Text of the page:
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The Second Wave of Y2K

September 1, 1999
Related Topics: Technology and the Law, Featured Article, Technology
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The second wave will be allegations of regulatory non-compliance: wage-and-hour violations, working conditions (heat, etc.), payroll compliance, wage deductions, etc. Like most of the other aspects of American business life, the HR function has become computer dependent. A survey of systems upon which HR relies, directly or indirectly, is vitally important. For example, HR either directly or through a vendor relies on computer systems for payroll. Linked to that system are computerized deductions for items such as state and federal taxes, FICA, pension contributions, health and life insurance premiums, vacation and sick-leave entitlement, union dues and court-ordered wage garnishments. In addition, some other systems, such as workers' compensation record keeping and status under the FMLA may be linked. Indirectly, HR relies on telephone communications (including voice-mail and paging) and word-processing systems.

Most immediately important is HR's role in creating and meeting the daily cash demands of the business. Employees must be paid; most jurisdictions mandate payment within a specified period. For example, Massachusetts law mandates that employers pay wages and salaries within six days of the end of the workweek during which such moneys are earned. System failure is not a defense to fines and penalties. The specific problems cannot be addressed in a meaningful way unless it has been specifically identified and defined. Job 1 is to determine exactly where the HR function is directly and indirectly dependent on computer systems. Job 2 is to determine whether the failure of each system threatens HR's ability to function normally.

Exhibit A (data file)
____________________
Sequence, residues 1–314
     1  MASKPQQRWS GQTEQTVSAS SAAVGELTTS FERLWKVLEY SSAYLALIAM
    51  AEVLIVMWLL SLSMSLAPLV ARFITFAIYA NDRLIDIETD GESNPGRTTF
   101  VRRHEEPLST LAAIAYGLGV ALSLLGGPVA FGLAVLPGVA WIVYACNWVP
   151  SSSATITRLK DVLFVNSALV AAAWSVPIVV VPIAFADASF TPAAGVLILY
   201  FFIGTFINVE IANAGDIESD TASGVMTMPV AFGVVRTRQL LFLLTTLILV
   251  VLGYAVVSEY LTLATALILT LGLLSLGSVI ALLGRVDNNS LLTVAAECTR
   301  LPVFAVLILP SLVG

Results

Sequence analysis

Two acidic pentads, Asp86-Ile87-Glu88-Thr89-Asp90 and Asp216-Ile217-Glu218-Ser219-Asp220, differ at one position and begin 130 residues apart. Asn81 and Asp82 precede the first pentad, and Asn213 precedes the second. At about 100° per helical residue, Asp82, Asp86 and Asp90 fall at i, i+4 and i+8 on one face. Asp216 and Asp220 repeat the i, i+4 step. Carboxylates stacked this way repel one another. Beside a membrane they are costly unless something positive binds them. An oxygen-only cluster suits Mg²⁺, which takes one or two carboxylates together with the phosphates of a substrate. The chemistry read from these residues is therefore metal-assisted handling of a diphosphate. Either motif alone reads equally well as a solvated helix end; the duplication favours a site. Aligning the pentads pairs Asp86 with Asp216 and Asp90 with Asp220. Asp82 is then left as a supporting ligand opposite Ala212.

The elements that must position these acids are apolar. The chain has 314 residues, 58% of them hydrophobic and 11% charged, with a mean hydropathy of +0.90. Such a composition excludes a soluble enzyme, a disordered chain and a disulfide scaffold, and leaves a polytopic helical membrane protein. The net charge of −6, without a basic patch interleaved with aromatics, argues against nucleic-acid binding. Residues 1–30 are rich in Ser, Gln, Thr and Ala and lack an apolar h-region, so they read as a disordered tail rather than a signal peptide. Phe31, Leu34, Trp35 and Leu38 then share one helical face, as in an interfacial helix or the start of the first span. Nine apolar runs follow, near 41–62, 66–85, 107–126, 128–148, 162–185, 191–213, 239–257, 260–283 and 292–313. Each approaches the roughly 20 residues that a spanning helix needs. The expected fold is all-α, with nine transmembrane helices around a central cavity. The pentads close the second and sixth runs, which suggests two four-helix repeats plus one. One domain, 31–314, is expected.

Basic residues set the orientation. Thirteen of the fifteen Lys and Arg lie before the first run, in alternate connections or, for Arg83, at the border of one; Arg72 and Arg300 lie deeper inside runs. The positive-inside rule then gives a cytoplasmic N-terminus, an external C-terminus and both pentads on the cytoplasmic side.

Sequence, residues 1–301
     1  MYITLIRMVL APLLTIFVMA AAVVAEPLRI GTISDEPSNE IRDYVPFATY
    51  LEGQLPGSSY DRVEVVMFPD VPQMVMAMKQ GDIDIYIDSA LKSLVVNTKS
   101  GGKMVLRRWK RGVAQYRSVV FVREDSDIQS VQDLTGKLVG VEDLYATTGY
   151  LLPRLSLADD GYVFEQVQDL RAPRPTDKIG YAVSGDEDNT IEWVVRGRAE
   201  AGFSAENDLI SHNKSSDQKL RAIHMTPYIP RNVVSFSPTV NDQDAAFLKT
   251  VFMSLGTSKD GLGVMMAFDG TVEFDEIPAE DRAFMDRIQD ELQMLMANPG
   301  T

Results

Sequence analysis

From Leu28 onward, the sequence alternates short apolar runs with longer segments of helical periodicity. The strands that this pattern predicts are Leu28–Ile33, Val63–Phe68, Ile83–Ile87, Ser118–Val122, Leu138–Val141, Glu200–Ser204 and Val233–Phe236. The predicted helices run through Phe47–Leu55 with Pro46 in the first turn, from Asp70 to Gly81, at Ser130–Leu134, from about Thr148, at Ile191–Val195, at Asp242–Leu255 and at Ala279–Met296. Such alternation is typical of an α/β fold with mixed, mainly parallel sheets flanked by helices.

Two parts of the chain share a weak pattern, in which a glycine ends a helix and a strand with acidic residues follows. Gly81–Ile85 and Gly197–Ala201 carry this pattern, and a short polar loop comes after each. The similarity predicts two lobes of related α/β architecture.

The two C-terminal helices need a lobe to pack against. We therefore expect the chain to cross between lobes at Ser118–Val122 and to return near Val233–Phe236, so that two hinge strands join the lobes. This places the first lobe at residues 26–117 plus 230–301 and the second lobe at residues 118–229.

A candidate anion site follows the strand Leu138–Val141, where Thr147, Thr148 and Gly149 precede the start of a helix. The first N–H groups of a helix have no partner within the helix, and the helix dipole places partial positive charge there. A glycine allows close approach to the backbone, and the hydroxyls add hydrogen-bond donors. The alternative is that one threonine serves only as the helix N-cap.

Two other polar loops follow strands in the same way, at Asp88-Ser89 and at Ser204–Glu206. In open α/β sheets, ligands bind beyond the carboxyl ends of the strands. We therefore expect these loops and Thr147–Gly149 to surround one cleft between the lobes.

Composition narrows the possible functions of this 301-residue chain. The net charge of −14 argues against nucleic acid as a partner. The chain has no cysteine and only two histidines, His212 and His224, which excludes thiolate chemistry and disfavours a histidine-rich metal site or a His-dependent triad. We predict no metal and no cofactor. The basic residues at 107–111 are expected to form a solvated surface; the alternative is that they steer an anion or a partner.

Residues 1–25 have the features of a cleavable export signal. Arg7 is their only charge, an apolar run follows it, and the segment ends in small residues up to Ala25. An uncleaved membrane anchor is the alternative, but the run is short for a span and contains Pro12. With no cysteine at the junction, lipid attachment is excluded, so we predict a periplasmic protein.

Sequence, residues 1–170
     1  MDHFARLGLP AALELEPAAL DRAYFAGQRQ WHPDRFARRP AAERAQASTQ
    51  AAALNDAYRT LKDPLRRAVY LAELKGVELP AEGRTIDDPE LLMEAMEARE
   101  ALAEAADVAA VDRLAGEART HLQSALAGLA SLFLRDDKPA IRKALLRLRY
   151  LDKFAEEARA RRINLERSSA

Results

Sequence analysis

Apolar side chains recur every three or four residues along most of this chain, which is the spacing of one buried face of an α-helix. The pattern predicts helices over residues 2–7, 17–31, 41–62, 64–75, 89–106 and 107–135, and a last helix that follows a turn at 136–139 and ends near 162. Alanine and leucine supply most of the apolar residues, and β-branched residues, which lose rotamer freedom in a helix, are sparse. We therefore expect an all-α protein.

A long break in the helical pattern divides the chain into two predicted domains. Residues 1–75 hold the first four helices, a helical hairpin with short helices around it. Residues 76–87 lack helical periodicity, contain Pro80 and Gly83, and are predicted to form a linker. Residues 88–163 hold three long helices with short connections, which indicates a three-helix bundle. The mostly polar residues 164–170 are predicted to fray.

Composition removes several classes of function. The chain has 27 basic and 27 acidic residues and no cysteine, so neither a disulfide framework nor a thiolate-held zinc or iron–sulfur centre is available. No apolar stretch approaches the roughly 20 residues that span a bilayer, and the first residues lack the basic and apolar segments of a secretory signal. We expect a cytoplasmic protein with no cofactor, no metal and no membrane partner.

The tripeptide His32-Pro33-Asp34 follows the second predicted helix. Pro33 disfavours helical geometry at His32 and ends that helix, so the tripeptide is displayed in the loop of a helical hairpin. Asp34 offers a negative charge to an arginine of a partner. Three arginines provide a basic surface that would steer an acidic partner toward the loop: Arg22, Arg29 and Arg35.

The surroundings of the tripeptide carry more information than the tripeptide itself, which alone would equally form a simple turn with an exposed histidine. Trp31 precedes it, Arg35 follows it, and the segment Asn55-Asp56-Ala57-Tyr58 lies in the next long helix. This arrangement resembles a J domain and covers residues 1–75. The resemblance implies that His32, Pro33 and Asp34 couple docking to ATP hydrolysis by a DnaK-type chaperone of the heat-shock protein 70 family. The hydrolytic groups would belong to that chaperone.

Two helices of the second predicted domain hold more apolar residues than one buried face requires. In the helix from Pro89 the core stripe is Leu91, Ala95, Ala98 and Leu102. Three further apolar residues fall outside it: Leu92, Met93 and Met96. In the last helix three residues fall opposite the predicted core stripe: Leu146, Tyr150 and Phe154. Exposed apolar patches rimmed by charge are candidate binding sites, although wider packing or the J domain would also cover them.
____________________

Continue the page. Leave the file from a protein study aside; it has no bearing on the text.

For some period after the Millennium, some everyday aspects of life at work may be affected. Contemporary HR professionals, particularly those accustomed to an office environment, may forget that such mundane things as the number and condition of restrooms. In Massachusetts, for example, restrooms must be well ventilated, well lighted, private, clean, sanitary and supplied with individual towels, hand soap and toilet paper. There are minimum acceptable ratios for the number of employees (by gender) to toilets ... and the consistency of workplace temperature Workplaces must be heated properly from October 15 to May 15 each year. Computer glitches to office systems could, conceivably, generate worker complaints, governmental inspections and resulting penalties and fines. One can never assume that the government will understand one's problems!

The information contained in this article is intended to provide useful information on the topic covered, but should not be construed as legal advice or a legal opinion.

Recent Articles by Lee Stephen MacPhee, Esq.

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